OmniHeart Trial: Macronutrients and Cardiovascular Risk
|Cardiovascular Diseases Heart Diseases Atherosclerosis Hypertension||Behavioral: Diet therapy|
|Study Design:||Allocation: Randomized
Intervention Model: Crossover Assignment
|Study Start Date:||May 2002|
|Study Completion Date:||March 2008|
|Primary Completion Date:||March 2008 (Final data collection date for primary outcome measure)|
While there is widespread consensus that the optimal diet to reduce cardiovascular risk should be low in saturated fat, the type of macronutrient that should replace saturated fat (carbohydrate, protein or unsaturated fat) is a major, unresolved research question with substantial public health implications. The study will evaluate these three dietary approaches by studying their effects on established coronary risk factors and a selected group of emerging risk factors.
The study design was a randomized, three period cross-over feeding study that compared the effects on blood pressure and plasma lipids of a carbohydrate-rich diet patterned after the DASH diet (CARB) to two other diets, one rich in protein (PROTEIN) and another rich in unsaturated (UNSAT) fat, predominantly monounsaturated fat. The DASH diet has been shown to reduce blood pressure and LDL-cholesterol substantially, and is currently recommended by policy makers. During a one week run-in, all participants were fed samples of the three study diets (CARB, PROTEIN and UNSAT). Using a three period cross-over design, participants were then randomly assigned to the CARB, PROTEIN or UNSAT diet. Each feeding period lasted six weeks; a washout period of at least two weeks separated each feeding period. Throughout feeding (run-in and the three intervention periods), participants were fed sufficient calories to maintain their weight. Trial participants were 30 years of age or older, with systolic blood pressure of 120-159 mmHg or diastolic blood pressure of 90-99 mmHg. Primary outcomes variables were blood pressure and the established plasma lipid risk factors (LDL-C, HDL-C and triglycerides). Secondary outcomes include total cholesterol, apolipoproteins VLDL-apoB, VLDL-apoCIII, apolipoprotein B, non-HDL cholesterol, and lipoprotein(a).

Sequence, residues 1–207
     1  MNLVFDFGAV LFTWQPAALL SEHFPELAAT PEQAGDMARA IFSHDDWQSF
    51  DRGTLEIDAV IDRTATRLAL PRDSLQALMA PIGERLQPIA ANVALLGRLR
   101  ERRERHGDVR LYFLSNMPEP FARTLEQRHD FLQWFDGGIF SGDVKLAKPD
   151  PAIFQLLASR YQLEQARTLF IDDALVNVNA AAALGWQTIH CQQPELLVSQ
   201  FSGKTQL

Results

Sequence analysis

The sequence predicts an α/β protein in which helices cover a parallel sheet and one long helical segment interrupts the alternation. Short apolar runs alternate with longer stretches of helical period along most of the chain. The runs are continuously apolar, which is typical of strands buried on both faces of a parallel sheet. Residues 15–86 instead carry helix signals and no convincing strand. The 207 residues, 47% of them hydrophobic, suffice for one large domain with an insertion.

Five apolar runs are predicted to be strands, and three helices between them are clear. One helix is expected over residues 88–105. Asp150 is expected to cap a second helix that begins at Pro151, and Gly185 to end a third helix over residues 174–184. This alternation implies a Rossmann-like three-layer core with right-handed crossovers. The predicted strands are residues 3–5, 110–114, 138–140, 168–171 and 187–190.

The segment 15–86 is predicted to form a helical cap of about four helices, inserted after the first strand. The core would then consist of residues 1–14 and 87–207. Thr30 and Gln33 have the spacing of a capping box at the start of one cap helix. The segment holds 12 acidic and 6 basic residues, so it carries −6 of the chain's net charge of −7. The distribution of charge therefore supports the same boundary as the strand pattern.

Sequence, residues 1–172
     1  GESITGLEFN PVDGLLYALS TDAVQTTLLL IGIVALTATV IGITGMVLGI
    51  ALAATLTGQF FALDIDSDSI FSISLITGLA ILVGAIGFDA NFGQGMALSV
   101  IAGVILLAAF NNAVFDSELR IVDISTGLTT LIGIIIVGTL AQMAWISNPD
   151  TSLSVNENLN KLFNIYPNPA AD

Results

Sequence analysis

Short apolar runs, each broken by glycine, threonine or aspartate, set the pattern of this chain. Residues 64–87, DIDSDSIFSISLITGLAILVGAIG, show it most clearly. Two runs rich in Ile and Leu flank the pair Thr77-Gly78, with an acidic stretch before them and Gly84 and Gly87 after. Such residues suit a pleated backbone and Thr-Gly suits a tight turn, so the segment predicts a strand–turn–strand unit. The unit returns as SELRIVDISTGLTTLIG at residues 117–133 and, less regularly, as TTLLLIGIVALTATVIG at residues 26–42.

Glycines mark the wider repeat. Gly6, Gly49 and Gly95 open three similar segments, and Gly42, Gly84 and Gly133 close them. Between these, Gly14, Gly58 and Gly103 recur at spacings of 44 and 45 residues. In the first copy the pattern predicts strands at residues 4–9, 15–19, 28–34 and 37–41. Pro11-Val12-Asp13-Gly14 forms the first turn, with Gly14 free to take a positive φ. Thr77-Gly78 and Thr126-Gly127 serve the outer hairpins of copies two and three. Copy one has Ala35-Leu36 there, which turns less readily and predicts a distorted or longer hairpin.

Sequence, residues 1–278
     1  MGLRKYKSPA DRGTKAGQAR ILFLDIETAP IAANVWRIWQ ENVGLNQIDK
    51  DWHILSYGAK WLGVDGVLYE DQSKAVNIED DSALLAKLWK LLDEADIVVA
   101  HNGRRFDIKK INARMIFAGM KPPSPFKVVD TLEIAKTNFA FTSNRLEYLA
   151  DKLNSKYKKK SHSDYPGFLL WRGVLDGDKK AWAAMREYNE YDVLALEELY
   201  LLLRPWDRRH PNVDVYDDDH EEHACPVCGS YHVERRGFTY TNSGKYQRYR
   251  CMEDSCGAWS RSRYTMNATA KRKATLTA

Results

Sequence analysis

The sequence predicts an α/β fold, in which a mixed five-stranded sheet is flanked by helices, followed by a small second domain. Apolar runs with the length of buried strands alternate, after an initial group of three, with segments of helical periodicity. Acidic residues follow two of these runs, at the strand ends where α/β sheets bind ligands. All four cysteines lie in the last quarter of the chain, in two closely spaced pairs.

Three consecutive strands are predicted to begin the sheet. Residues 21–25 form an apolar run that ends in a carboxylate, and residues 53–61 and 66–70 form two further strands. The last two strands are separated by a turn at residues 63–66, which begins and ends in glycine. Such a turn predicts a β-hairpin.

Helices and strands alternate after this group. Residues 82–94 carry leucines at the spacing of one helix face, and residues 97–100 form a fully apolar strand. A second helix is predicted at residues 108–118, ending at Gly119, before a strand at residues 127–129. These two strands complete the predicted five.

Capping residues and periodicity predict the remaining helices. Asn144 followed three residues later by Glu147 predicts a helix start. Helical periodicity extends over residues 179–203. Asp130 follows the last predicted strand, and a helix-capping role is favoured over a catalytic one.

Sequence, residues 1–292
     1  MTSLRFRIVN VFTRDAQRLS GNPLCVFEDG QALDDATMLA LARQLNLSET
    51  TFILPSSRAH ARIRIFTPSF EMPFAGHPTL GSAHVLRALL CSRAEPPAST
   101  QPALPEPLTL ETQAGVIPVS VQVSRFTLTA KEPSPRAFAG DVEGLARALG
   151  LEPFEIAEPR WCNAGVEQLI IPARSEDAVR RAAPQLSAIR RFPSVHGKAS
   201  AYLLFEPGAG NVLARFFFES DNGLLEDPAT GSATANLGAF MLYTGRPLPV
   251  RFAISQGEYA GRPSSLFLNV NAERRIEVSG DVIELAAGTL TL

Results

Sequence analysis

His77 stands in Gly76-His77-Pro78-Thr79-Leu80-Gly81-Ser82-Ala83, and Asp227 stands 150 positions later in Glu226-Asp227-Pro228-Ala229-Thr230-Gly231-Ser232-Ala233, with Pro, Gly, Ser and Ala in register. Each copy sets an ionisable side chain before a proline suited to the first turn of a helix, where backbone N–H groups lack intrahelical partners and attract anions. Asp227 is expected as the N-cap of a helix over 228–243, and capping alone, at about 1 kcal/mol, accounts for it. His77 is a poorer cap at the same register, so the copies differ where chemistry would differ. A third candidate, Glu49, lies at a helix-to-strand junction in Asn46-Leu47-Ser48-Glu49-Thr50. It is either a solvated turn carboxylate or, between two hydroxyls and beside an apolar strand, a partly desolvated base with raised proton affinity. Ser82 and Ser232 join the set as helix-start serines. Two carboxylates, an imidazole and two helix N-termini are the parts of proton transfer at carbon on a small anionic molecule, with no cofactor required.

Please refer to this study by its ClinicalTrials.gov identifier: NCT00051350
|OverallOfficial:||Lawrence Appel||Johns Hopkins University|